I used a 50 inch white. 1.25 stop diffuser between the subject and the windows. I did this to drop the level of light on the subject so I could control the overall color and quality of light that fell directly on him. In each image I added to the light on the subject with a bit of flash, bounced into a 60 inch umbrella, to control his contrast and exposure. I felt that by using just natural light there would be a bit too much contrast in the images and I'd rather get the parameters right while shooting than having to labor over stuff in post production. 

The flash also neutralized the greenish-blue cast caused by the tinted office windows. You can see the color cast in the background areas but not on the subject. 

I tried my best to use a light touch on the flash but to still exercise the control needed to get what I wanted aesthetically from each shot. While the photos look casual they were both executed using a tripod to help me hold the exact composition I wanted through the whole series of exposures. 

We've been using styles similar to this for most of our portrait clients over the last three years and have been getting good feedback and repeat engagements. It's a nice style and one that also "cuts" well into video projects. Certainly much better than an executive in front of a blue paper background with a spot circle in the middle of it....

Styles and aesthetics change. We change with them. That doesn't mean there isn't a place for the traditional studio but; oh wait; maybe this is an argument against the traditional studio....


Game Over?


Go to this link and tell me what you think. "An endless stream of content..."

Sounds about right.


To Paraphrase Donald Trump, "Who knew that video editing would be so complex and time consuming?"

Photo courtesy: ODL-Design ©2017

A few observations about video: Shooting is less than half of the game, editing is where you tell the story. But if you didn't shoot it right in the first place it's very hard to tell the story right.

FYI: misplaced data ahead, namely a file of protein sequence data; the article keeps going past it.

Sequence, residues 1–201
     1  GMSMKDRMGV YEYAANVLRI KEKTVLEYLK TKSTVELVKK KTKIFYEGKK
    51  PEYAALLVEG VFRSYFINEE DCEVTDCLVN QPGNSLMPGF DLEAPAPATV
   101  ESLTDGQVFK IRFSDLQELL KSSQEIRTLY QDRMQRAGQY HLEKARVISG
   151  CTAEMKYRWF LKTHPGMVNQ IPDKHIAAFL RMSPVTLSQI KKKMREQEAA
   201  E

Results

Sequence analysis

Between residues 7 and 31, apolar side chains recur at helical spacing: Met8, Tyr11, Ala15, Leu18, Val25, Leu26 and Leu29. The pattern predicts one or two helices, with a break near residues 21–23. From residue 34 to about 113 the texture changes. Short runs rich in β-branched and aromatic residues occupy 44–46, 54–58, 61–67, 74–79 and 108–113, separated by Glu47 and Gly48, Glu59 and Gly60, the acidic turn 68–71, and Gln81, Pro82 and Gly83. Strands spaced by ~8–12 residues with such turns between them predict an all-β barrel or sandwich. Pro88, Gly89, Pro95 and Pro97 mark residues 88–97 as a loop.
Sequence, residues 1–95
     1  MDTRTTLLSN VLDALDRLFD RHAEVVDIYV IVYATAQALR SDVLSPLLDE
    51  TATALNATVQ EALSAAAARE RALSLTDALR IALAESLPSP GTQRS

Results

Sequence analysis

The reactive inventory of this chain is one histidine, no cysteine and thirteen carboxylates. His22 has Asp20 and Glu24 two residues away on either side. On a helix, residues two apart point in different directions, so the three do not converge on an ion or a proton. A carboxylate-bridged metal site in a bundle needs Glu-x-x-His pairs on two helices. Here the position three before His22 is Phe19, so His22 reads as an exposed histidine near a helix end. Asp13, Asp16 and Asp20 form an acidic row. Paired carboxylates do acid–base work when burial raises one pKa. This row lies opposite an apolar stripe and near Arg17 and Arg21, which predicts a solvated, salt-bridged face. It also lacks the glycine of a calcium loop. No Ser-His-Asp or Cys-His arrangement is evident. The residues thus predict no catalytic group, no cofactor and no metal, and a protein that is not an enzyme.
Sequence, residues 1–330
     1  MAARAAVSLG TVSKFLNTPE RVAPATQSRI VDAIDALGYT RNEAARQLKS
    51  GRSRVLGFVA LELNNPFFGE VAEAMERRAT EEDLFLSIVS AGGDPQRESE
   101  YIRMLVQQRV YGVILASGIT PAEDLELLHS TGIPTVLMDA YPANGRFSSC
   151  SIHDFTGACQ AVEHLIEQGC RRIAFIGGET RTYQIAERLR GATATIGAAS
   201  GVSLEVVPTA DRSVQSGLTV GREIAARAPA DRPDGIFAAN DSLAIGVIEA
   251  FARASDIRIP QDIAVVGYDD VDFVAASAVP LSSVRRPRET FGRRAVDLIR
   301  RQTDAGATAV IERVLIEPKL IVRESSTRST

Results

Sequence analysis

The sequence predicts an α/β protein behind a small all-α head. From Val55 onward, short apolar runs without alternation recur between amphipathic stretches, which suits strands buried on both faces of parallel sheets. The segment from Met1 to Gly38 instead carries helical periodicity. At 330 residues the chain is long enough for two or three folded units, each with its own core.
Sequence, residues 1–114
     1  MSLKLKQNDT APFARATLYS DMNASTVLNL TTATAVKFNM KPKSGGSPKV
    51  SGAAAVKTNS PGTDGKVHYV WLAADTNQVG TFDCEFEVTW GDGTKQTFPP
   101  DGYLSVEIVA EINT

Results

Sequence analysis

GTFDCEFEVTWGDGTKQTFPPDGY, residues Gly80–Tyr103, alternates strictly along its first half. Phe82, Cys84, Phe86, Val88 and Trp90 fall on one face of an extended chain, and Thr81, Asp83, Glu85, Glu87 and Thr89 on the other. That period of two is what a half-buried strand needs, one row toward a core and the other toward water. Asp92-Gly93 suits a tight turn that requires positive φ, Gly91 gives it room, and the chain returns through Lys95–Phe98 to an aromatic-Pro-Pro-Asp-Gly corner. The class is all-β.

I'm kind of a "big picture" guy. I like the big outlines, and because of that I'm more drawn toward the collegial meetings and the hands-on shooting than I am spending days and days in self-imposed solitary confinement; sitting in front of a computer, staring at tons and tons of options; many of which could work just fine in a final video. If you put them together correctly. 

I sent over a rough edit of my Canada shoot to my client about a week ago. I'd worked hard to incorporate everything we talked about in the program I sent along. But even after I sent it I still sat in front of the computer with the video timeline stretched all the way out across my monitor. I was looking at the little telltale peaks and valleys in the audio track. I was trying to track down the spot where one of my interviewees made a "tsk" sound just before they spoke. I could fix that. And then I look for the subtle scrape of someone else's wristwatch across the top of a desk as they shifted and got ready to initiate their response to a cogent question. It seems like no matter how many times you sit down and open up a project there is always some way; no matter how small, to improve it. 

Today was "detail day." I used a program called, Motion, to build moving titles and I spent time kerning type and worrying about line spacing. I spent a lot more time nudging the color so it would be exactly the way I wanted it. I think I tried every transition technique in Final Cut Pro X to get to the one I finally settled on for one pesky edit. 

What I realize now is that you have to approach every editing project with a plan. You have to know how you want to start out and how you want


Shooting with a new, short zoom. The Sony 28-70mm f3.5 - 4.0. Nice.

You know that feeling that you get when a new (to you) lens gets dropped in your hands? You know it's probably just another reasonably good, modern lens but you just have to put it on a camera and try it out for yourself. Secretly you are always hoping that this one will have that little bit of extra magic that just makes your photographs sing. On key. That's the way I felt when my friend sold me his relatively new (and hardly used) Sony FE 28-70mm lens. I knew it wasn't going to blow away the stuff I already own but I was hoping it had some endearing quality which would become known to me as I shot with it.